Safety remains vitally important to Derek Spencer as he goes about his job inspecting all of Clermont County’s sewer lines. His work takes him to open manholes, the middle of busy roads, and other potentially dangerous situations. Some holes go as far as 40 feet deep. There can be toxic gases.
“I’m in the field all day, every day,” he said. “I can’t lose sight of the importance of safety.”
Spencer operates two special cameras that ride crawlers of 1.5 and three feet in length through sewer mains and laterals. He records the video on a computer in his mobile office, a large white van. His official title is Collections Specialist in the Water Resources Department.
He uses fall protection and safety equipment such as harnesses and cable winches as he lowers and pulls out of confined spaces. His protection also includes an air quality monitor to detect any gases from sewerage.
“I spend a lot of time checking laterals to see if there is a blockage so we can help homeowners and restore access to our service,” he said. Often, tree roots get into sewer lines, causing backups into basements. Sometimes, ground settles, leading to breaks where dirt backs up a line.
Spencer reviews his findings with his manager James Mattes, Supervisor of the Water Resources Department’s Electro Maintenance and Collections Department, to come up with solutions to the various situations.
“Derek is the eyes of the department,” Mattes said. “He is what leads the department into proper repairing. It’s a very important position.”
State requirements lead to inspection of all sewer lines every 10 years. This allows Water Resources to help protect safety of the environment by detecting any leaking of sewerage.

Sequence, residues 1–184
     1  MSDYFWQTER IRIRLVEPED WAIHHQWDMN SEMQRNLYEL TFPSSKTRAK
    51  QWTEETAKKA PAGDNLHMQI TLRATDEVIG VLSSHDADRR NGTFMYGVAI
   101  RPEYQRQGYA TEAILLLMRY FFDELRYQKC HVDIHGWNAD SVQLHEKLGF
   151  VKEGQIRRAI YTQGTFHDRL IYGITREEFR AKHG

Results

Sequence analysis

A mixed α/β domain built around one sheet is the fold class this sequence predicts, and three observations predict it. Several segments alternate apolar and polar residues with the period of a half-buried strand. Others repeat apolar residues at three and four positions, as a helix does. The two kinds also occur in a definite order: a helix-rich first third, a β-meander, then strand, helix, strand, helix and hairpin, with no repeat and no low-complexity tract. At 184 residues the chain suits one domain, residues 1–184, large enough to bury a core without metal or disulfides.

“If we’ve got a sanitary sewer line there, I’ll make it there,” Spencer said.
Mattes, who has worked for Clermont County since 2004, said his 18-person team takes safety seriously.
“If you’re lackadaisical about it, you’ll get injured,” he said. “Safety starts with the individual. There’s nothing worth you not going home at the end of the day due to injury. We supply an important service, but at the same time we need to take care of ourselves. ”
Mattes said that his team works closely with Clermont County Safety Coordinator Gary Caudill. They review any incidents and make changes to prevent recurrences. This can include additional training or manpower adjustments.
Caudill appreciates the teamwork with Mattes’ department, which keeps priorities such as safety and customer service in the forefront at all times. Caudill noted that Spencer doesn’t lose track of safety duties while going about his essential job.
“We’re lucky to have a good team, supplied with PPE and provided with training,” Mattes said. “Gary does a good job of listening to the guys. If there is an issue that needs to be addressed, we’ll address it.”